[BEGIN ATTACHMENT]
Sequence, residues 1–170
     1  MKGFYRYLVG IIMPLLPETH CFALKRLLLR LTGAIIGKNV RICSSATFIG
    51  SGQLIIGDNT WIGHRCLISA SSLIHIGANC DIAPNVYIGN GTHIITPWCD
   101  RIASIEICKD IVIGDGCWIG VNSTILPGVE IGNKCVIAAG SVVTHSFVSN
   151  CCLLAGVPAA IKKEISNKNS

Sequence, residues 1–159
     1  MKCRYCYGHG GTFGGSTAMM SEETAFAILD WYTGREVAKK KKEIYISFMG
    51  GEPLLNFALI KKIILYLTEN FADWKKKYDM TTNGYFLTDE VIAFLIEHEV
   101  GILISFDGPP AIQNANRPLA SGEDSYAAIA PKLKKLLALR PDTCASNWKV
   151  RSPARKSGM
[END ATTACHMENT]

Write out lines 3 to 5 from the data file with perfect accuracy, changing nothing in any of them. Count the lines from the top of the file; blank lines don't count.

    51  SGQLIIGDNT WIGHRCLISA SSLIHIGANC DIAPNVYIGN GTHIITPWCD
   101  RIASIEICKD IVIGDGCWIG VNSTILPGVE IGNKCVIAAG SVVTHSFVSN
   151  CCLLAGVPAA IKKEISNKNS